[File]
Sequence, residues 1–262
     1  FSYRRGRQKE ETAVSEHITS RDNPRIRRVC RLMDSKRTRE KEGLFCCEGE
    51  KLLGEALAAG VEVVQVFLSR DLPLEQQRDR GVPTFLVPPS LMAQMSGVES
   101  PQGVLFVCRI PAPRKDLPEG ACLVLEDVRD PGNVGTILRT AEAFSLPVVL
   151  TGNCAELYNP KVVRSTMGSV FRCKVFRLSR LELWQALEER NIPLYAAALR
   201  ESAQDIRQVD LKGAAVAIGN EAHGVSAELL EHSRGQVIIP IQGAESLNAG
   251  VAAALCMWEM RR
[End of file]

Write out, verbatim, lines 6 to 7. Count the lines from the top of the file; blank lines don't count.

   201  ESAQDIRQVD LKGAAVAIGN EAHGVSAELL EHSRGQVIIP IQGAESLNAG
   251  VAAALCMWEM RR